Exiled CBI Chief vs Government, Supreme Court Hearing Begins: 10 Points

Alok Verma claims that the CBI's autonomy is being compromised as the government is displeased about certain investigations against high functionaries not taking the "desired direction".

Alok Verma has cited a 1998 verdict stipulating a fixed minimum tenure of two years for the CBI chief.


  • Court will hear another plea seeking probe against Rakesh Asthana
  • CBI chief Alok Verma sent on forced leave
  • The Congress will protest outside CBI headquarters
New Delhi: Exiled CBI chief Alok Verma's case against the government for stripping him of his powers and sending him on forced leave is being heard in the Supreme Court. Mr Verma took the government to court after he was replaced by an interim chief in a dramatic post-midnight order on Tuesday. Mr Verma has said in his petition that the autonomy of the country's premier investigating agency, the Central Bureau of Investigation (CBI), is being compromised as certain investigations against high functionaries "do not take the direction desirable to the government". Three judges led by Chief Justice of India Ranjan Gogoi also heard a separate request for a special investigation into corruption charges against officials, including the CBI number two officer Rakesh Asthana, who was also sent on leave. He too has challenged the centre's decision in the top court.

Here's your 10-point cheat-sheet to this big story:

  1. Alok Verma was stripped of his powers days after he launched an investigation into corruption allegations against his deputy Rakesh Asthana, accused of taking bribe in an investigation against a businessman.

  2. Rakesh Asthana, CBI's Special Director, fired back at his boss with the same charge, alleging it was Mr Verma who had taken bribe from the same businessman.

  3. On Tuesday, Rakesh Asthana took the CBI to court and asked for the CBI's case against him to be dropped. He was then divested of all his powers and sent on leave. Hours later, the government decided on similar action against the CBI chief, on a recommendation from the Central Vigilance Commission -- the anti-corruption body that oversees the CBI. "Neither of the two officers, nor any agency under their supervision can investigate charges against them," the vigilance body said, explaining why the CBI chief must also go.

  4. Interim CBI chief M Nageswar Rao, who took charge around 2 am, signed off on orders the same night to transfer a dozen officers on Mr Verma's team, including those investigating Mr Asthana.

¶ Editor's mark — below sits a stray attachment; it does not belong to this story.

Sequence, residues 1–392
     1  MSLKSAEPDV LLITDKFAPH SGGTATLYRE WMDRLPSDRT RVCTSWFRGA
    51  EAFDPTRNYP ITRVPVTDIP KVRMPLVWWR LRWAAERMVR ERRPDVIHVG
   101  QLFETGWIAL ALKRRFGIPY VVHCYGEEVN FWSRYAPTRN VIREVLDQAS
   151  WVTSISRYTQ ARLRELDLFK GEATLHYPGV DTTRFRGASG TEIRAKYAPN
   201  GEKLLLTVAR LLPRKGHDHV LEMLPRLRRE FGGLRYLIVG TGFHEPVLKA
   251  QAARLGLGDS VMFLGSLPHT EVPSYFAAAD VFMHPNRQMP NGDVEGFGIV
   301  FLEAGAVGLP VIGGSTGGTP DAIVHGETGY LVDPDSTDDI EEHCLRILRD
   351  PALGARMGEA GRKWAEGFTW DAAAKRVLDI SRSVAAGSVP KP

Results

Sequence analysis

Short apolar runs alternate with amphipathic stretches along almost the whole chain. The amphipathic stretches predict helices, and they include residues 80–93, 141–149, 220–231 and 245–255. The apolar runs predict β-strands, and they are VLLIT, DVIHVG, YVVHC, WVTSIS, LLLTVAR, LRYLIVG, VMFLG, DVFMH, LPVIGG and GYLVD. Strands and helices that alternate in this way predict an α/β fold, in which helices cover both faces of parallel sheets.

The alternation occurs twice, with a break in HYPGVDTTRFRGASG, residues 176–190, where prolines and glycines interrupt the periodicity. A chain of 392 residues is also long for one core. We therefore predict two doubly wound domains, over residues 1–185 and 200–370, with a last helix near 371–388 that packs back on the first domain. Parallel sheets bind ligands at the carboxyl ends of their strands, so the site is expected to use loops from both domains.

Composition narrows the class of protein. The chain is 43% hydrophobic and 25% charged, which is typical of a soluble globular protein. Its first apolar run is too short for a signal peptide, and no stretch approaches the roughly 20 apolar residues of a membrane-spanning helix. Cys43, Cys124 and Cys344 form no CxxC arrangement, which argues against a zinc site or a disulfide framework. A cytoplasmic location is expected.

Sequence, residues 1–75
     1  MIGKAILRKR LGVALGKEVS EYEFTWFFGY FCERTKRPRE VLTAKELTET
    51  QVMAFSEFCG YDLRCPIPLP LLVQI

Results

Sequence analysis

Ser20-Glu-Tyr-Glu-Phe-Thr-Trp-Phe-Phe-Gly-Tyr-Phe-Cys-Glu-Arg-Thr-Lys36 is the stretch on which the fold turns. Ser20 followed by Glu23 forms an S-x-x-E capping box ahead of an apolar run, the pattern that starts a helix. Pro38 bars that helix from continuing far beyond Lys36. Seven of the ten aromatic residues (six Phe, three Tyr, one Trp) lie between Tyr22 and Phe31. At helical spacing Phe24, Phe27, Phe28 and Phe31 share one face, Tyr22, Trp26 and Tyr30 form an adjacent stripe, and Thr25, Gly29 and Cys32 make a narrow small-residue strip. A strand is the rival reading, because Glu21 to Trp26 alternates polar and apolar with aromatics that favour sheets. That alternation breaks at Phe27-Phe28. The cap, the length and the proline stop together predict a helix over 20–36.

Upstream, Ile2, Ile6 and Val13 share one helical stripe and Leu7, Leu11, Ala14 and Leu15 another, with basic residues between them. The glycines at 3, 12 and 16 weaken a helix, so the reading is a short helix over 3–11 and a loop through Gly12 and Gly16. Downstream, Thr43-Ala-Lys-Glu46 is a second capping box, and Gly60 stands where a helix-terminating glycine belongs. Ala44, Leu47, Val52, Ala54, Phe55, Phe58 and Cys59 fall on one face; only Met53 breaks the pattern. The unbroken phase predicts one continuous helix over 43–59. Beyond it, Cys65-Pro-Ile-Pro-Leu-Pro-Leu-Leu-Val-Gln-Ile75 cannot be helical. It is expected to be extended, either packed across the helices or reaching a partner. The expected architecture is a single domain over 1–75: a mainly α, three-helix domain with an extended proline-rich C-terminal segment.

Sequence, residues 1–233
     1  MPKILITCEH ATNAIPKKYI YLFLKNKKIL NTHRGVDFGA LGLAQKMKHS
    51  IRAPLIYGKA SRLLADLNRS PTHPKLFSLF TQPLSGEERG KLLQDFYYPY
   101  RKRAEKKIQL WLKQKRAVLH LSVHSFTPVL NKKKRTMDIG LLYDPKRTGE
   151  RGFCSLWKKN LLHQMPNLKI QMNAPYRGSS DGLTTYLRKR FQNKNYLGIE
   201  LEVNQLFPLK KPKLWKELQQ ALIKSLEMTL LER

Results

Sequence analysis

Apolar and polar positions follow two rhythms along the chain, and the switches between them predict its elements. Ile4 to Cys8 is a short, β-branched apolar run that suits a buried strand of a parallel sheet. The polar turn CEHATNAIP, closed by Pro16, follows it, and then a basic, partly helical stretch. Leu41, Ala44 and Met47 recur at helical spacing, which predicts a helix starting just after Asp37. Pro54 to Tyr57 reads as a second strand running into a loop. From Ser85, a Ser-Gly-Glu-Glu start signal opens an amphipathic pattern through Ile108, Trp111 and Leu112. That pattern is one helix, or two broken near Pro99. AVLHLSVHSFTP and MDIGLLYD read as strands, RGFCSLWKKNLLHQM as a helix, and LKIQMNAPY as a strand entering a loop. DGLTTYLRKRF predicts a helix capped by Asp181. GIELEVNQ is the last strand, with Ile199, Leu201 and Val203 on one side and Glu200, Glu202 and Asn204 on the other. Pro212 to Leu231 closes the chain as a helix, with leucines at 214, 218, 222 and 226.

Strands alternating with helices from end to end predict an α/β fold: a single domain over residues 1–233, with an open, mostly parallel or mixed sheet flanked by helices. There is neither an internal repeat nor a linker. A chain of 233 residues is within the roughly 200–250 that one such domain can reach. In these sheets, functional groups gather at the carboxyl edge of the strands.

5. Senior jurist Fali Nariman, 89, will represent Mr Verma in the Supreme Court; Attorney General KK Venugopal will represent the centre; Solicitor General Tushar Mehta will appear for the Central Vigilance Commission, and former Attorney General Mukul Rohatgi will appear for Rakesh Asthana.

  6. Mr Verma argues in his petition that the Supreme Court had ruled in the past that the CBI director should have a fixed minimum tenure of two years. His petition also says Mr Asthana "concocted evidence" against him to accuse him of corruption.

  7. The CBI on Thursday clarified that both Mr Verma and Mr Asthana retain their posts. Mr Rao will remain interim chief till the main anti-corruption body, the Central Vigilance Commission, examines the allegations swapped by the top two officers.

  8. The Congress has accused the government of "violating the law, the Supreme Court's clear directions on the subject and the Constitution of India". The Congress said the CBI chief can't be removed without the approval of a group that includes the Prime Minister, Chief Justice of India and the Leader of the Opposition in parliament.

  9. The Congress has planned a protest at the CBI headquarters today to highlight what it calls the "CBI's slumping credibility". Congress chief Rahul Gandhi tweeted that he would lead the protest.

  10. On Thursday, four Intelligence Bureau officials lurking near the banished CBI chief's home were caught and dragged by his security officers and accused of snooping on Mr Verma. Stung by footage of its officials being dragged and pushed, the Intelligence Bureau objected to how its personnel were treated on a "routine patrol".